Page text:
Exceeding the allowance will result in a charge and a loss of any tax relief on contributions that exceed the limit. The charge will be added to your taxable income for the year in question, which may then have further knock-on effects on your tax liability.
It may also be possible to bring forward any unused allowance from the previous 3 tax years.
Tapered annual allowance
As of April 2016, high earners have seen their entitlement to the annual allowance reduced.
For every £2 of income above £150,000 a year, the individual’s annual allowance is reduced by £1. The maximum amount that the annual allowance can be reduced by is £30,000, meaning that someone with £210,000 of annual income will have an annual allowance of £10,000.
The money purchase annual allowance
If you have begun to draw income from a pension pot and still want to pay contributions into a defined contributions pension scheme, a reduced annual allowance of £10,000 will apply. This is known as the money purchase annual allowance (MPAA).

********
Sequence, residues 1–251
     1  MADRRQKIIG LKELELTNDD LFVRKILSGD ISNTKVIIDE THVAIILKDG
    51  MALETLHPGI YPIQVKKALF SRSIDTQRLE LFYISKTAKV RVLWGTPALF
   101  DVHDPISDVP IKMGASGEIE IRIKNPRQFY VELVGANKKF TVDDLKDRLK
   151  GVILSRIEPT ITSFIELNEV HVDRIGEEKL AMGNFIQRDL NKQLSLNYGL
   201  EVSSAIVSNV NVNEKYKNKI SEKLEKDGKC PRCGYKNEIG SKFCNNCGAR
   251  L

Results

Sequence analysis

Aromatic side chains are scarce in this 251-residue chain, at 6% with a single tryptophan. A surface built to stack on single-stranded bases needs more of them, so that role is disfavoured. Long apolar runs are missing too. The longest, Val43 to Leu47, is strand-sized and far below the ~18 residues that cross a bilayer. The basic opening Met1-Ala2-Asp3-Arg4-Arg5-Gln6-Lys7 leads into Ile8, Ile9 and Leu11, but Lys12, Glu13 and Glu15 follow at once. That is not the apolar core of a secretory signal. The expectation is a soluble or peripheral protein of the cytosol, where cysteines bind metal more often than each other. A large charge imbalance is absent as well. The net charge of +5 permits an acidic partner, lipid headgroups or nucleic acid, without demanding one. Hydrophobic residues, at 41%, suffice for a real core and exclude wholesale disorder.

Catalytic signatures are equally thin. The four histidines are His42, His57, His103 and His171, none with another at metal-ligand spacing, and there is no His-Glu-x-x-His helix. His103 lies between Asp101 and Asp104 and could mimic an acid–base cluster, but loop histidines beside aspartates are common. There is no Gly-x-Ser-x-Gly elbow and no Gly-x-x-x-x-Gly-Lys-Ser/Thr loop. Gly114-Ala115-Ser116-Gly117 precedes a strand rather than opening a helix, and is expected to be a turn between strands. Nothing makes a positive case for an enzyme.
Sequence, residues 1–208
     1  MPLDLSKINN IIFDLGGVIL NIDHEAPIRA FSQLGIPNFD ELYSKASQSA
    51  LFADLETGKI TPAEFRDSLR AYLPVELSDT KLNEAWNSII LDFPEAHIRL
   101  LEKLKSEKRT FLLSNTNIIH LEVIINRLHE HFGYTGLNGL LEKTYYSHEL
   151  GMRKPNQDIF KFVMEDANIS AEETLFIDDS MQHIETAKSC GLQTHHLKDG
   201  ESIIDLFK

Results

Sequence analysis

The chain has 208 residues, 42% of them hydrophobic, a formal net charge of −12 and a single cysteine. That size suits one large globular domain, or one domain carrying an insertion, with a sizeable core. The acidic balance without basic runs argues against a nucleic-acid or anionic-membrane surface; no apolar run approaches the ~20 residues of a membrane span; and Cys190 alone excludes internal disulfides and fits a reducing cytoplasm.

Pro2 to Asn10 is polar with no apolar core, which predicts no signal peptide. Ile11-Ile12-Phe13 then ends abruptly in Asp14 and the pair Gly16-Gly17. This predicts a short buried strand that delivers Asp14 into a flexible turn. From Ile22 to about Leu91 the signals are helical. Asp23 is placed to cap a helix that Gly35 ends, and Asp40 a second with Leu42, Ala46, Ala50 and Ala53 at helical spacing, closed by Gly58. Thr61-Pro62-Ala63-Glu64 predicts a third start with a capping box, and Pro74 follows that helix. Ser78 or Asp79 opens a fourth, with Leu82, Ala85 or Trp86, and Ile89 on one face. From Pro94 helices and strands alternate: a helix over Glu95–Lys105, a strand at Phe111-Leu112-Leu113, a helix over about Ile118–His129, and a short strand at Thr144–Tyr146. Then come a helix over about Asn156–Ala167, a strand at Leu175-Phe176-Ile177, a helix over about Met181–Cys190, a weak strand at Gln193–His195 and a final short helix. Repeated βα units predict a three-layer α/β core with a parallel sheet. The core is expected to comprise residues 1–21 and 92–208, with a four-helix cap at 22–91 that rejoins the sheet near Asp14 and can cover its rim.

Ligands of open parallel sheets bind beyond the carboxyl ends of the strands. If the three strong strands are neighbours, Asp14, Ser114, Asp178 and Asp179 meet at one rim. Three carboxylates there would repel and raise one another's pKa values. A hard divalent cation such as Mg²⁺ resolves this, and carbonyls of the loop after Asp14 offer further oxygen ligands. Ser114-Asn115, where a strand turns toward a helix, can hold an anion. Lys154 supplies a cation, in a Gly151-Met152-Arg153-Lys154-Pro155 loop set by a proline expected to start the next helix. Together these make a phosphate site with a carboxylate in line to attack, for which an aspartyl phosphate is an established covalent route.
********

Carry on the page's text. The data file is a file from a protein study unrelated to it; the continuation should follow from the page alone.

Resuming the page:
The MPAA will apply if you have withdrawn 25% of your pension pot tax-free and includes contributions made by you, your employer and any other individual.
It was announced in Autumn Statement 2016 that the MPAA will reduce to £4,000 in April 2017.
The MPAA comes into effect the day after you withdraw the 25% lump sum and unused allowance cannot be brought forward from previous tax years.
While auto-enrolment means that the majority of workers will now have regular savings going into a workplace pension scheme, it does not mean that there are not important decisions for the individual to make. Taking an active approach to retirement planning is as important now as it ever was.
Our expert team can provide support and guidance during any part of the retirement planning process. Call the Financial Advice Centre Group today on 01726 814935
The way in which tax charges (or tax relief, as appropriate) are applied depends upon individual circumstances and may be subject to change in the future. Pension eligibility depends upon individual circumstances. You cannot usually take pension benefits until age 55.
This document is solely for information purposes and nothing in this document is intended to constitute advice or a recommendation. You should not make any investment decisions based upon its content. The value of pensions can fall as well as rise and you may not get back the amount you originally invested.
Whilst considerable care has been taken to ensure that the information contained within this document is accurate and up-to-date, no warranty is given as to the accuracy or completeness of any information.